Educational Advice

6 things your teen should know to become a better learner

· February 15, 2023

Did you know that how you learn is just as important as what you learn? According to expert educator and author, Dr Barbara Oakley, it’s possible to develop some simple learning habits that will help you become a better learner. And work faster and smarter. 

From the brain’s different learning modes to memory techniques and dealing with procrastination – the methods that she’s shared across her books and courses have helped millions of people. Her Coursera course, ‘Learning how to learn’ is one of the most popular online courses in the world. Many of the 2.5 million people who have taken it say that it improved their learning for good (including our CEO Bertie Hubbard, who might be her number-one fan).

So, to help you boost their study habits and help them become a better learner, Dr Barbara shares her 6 top takeaways. Plus, you can watch her helpful webinar below. 

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1. It’s good to be a slow learner

Yes, you read that right. Although there are some learners out there who seem to absorb new information like a sponge, that’s not the only way to succeed. “Some people are really fast learners and they can run to the finish line really fast,” says Dr Barbara.

“Other people are more like hikers – they can get to the finish line, but it’s a lot slower. As they’re walking, they can really think about their experience. In some ways this is far richer and deeper.”

So, although it might feel frustrating when you don’t get new concepts right away, the process of carefully listening and taking the time to really get your head around a subject can mean that new knowledge really sticks. 

2. Poor memory can be a sign of creativity

Just like with quick learners, there are some clever clogs who can easily remember lots of facts. But, taking the time to fix new info in your brain can mean it’s more likely to stay in there for good. If you have a bad memory, you just need to spend a little more time or develop techniques like songs or rhymes to make sure the information passes into your long-term memory.

“When information falls out of your brain, if you get distracted while learning, something else comes in,” says Dr Barbara. “These individuals are often very creative.” So, the flipside of a poor memory can be creative thinking – an awesome skill that can work for you in plenty of other ways. 

3. Being a genius is overrated

What Barbara means by this is that always being right can lead to a poorer learning attitude. Know-it-alls can become less inquisitive and sometimes, less able to consider different perspectives and points of view.

“The problem with geniuses is they’re so used to learning quickly, always being right, that they jump to conclusions and don’t look carefully at what’s going on in the real situation,” says Dr Barabara. 

In terms of success at school, this wisdom from Barbara can help us see that a huge part of academic success comes from a healthy attitude towards learning. Rather than an innate ability that you either have or you don’t. 

4. There’s no such thing as (not being) a ‘Maths person

Lots of people think they can’t do Maths, and leave it at that. But this attitude can sometimes be a barrier to the subject – and all the other career pathways that come with it. “When my daughters said Maths just wasn’t for them, I suggesting adding 20 minutes of extra Maths a day – for 10 years! And it paid off – one is fulfilling her dream of becoming a doctor and the other is completing a PhD in Data science,” says Dr Barbara.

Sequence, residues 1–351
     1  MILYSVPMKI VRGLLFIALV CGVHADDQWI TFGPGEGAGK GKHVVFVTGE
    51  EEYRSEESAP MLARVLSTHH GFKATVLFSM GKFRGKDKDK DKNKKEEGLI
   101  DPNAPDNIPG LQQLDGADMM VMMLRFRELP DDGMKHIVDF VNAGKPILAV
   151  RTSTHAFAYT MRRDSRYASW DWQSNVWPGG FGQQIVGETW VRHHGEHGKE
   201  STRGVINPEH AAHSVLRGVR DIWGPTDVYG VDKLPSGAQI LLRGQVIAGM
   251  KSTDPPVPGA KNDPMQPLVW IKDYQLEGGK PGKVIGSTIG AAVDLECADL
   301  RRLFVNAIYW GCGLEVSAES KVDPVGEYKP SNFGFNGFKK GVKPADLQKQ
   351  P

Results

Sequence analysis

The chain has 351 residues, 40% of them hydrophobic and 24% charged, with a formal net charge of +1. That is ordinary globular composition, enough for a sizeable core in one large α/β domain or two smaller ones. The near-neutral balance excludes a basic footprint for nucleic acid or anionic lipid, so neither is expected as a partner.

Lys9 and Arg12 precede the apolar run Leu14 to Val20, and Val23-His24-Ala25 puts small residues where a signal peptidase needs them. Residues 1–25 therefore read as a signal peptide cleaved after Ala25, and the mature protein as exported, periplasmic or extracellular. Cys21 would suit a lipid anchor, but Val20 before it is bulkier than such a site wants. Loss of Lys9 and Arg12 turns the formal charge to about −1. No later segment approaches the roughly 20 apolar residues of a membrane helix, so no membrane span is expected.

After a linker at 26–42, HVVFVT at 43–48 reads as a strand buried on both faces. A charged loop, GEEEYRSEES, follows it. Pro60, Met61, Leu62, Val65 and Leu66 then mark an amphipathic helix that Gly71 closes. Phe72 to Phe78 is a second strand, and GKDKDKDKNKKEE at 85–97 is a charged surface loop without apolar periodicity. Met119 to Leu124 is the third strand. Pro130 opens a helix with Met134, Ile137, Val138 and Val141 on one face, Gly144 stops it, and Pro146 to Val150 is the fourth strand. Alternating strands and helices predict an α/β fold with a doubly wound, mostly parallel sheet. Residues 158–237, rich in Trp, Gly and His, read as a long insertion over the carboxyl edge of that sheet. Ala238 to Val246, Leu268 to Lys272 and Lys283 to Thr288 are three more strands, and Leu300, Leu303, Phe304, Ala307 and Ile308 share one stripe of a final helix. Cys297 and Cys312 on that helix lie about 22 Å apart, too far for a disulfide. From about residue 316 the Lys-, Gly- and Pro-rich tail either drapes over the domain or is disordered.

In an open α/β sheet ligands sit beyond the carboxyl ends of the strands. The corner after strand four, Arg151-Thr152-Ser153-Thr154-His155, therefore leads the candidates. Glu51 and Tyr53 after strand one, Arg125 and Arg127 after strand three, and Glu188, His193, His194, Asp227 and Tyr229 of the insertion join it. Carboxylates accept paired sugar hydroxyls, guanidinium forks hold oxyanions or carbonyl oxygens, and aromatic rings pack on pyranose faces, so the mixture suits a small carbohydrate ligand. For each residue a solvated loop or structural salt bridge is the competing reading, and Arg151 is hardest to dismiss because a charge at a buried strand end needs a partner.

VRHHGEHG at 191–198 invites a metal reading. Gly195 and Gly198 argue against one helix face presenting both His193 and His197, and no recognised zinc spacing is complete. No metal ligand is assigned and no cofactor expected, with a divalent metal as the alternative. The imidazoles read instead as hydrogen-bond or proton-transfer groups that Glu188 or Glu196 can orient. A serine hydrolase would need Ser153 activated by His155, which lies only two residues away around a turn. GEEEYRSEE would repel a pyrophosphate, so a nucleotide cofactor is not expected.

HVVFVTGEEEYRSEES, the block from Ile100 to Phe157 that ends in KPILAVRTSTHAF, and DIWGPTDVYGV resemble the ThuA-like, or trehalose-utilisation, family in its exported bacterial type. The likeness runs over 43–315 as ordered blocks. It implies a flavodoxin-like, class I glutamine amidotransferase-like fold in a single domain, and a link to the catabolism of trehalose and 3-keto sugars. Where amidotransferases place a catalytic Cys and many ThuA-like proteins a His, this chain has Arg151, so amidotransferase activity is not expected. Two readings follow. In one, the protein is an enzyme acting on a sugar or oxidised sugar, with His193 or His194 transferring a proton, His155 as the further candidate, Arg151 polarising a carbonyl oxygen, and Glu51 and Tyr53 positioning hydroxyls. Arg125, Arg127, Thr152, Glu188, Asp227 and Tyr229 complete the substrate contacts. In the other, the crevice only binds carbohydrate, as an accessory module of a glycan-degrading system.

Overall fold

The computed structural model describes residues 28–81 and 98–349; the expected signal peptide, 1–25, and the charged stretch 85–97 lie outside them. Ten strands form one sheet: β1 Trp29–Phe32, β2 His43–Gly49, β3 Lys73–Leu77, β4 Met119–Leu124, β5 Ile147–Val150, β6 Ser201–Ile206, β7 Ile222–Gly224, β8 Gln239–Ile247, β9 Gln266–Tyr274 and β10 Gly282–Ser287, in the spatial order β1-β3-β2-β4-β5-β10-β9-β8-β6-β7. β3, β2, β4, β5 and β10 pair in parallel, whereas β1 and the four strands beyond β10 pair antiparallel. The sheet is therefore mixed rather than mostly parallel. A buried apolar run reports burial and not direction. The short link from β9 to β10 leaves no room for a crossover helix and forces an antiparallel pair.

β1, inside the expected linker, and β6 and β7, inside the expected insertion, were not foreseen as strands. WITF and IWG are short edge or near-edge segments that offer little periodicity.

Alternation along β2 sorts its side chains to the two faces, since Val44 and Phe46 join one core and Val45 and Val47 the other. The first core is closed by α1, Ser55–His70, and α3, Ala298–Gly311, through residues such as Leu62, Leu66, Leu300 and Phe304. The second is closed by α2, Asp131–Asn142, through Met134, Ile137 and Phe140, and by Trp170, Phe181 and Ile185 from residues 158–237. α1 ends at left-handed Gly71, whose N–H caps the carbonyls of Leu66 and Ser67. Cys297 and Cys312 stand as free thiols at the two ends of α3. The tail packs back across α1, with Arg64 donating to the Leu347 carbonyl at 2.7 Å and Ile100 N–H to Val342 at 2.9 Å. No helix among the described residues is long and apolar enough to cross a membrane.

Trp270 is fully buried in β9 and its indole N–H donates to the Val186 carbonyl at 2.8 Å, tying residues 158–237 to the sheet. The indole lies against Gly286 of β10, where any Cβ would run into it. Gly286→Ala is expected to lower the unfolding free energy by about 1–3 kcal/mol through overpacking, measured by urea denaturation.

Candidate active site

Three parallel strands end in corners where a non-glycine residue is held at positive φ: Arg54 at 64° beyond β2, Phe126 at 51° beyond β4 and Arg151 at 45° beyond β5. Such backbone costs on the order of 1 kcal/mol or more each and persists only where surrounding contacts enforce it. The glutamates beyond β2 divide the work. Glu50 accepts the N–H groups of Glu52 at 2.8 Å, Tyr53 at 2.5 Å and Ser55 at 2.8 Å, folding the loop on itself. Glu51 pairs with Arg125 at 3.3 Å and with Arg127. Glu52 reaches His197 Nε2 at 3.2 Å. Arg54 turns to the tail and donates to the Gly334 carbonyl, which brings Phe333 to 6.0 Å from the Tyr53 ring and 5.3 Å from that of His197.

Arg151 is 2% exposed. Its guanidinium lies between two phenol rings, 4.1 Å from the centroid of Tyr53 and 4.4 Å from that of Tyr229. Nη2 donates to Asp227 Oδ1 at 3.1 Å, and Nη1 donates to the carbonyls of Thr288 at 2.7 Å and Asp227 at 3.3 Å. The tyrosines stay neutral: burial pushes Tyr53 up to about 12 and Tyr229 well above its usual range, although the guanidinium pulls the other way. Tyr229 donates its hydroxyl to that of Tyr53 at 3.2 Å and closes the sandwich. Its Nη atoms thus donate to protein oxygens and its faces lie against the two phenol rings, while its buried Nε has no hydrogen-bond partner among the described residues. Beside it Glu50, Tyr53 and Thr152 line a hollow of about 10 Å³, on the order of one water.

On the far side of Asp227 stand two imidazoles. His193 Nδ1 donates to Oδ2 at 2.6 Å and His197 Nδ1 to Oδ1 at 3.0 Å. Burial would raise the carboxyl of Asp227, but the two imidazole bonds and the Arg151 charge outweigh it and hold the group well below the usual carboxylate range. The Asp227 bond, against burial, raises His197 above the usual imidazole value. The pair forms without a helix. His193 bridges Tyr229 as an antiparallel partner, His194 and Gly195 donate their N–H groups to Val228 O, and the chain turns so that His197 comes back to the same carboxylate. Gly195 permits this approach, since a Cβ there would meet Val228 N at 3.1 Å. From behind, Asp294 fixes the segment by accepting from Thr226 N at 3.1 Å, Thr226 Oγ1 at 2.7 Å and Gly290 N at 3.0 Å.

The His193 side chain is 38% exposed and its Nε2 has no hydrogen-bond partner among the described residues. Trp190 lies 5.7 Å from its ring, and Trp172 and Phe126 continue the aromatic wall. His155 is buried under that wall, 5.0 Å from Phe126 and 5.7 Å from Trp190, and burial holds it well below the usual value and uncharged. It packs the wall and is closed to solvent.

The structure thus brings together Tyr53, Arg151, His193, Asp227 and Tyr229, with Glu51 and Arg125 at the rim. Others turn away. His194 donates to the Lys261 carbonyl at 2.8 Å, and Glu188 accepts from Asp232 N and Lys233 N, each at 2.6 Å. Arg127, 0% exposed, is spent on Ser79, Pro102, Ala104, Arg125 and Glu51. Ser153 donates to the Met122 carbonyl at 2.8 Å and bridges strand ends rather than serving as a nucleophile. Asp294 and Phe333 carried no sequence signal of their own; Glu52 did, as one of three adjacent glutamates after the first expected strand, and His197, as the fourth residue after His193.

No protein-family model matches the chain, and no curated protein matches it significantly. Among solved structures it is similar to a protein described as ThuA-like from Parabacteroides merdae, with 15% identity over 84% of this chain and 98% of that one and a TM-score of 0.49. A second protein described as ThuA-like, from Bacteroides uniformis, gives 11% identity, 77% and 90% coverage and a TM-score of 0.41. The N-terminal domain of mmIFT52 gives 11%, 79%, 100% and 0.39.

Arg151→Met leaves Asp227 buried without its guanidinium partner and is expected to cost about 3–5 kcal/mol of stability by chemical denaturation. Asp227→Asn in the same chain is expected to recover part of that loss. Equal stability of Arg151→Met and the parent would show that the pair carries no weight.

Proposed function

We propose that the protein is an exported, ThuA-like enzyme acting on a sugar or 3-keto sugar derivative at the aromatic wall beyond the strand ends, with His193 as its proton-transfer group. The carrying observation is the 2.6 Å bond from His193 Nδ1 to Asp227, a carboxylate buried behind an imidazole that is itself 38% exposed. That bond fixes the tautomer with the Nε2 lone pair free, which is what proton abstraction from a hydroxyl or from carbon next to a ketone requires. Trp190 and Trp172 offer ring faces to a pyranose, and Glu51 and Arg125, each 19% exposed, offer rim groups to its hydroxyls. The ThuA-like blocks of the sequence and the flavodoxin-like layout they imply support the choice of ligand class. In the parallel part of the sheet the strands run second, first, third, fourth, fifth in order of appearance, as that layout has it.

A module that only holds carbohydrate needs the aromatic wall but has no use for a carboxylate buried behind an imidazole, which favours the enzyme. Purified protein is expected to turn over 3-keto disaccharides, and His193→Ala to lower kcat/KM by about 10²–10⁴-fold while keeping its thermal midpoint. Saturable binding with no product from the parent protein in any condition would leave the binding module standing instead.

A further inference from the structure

For students up to GCSE level, Barbara recommends the learning platform Kumon for online Maths courses. MyTutor online tutors also have the recent exam experience to help your teen get the best grades you can.

5. Asking for help early and often is key

“Every day when you start running into a challenge, try to get someone to lend you a hand. You’ll see that as you become better at it, you won’t need so much hand-holding,” says Dr Barbara.

Whether it’s a teacher, tutor, older sibling or parent, encourage your teen to shake off any embarrassment and get into the habit of asking for help. This will make them a better learner – especially if they have deadlines like coursework submissions or exams. The further in advance of these dates that they get help, the higher their chance of reaching their full potential.

6. Get comfortable with feeling uncomfortable

There are always challenges in learning. Try to encourage your teen not to be afraid of what they have ahead of them. Teens – and all learners – shouldn’t label themselves as either totally amazing or (most importantly) not smart enough to achieve their goals. Determination, an openness to being wrong and learning to tolerate discomfort – all with a positive attitude to challenges – will set them up to become a better learner. And help them do their best at school and beyond.

Look for more inspiration? You can watch the full webinar, ‘How to Learn: MyTutor with Barbara Oakley’ below.

Further reading and learning from Dr Barbara Oakley

Uncommon Sense Teaching: Practical Insights in Brain Science to Help Students Learn“, Barbara’s 2021 book to pre-order

“Learn Like a Pro: Science-based Tools to Become a Better Learner”, Barbara’s other 2021 book to pre-order

Learning How to Learn: How to Succeed in School Without Spending all your Time Studying; A Guide for Kids and Teens“, Barbara’s book from 2018

Learning how to Learn for Youth – Free Coursera online course for teens

Learning how to Learn:Powerful Mental Tools to Help you Master Tough Subjects – Free Coursera online course for adults (and keen teens)

Barbara’s popular Ted Talk, Learning how to Learn

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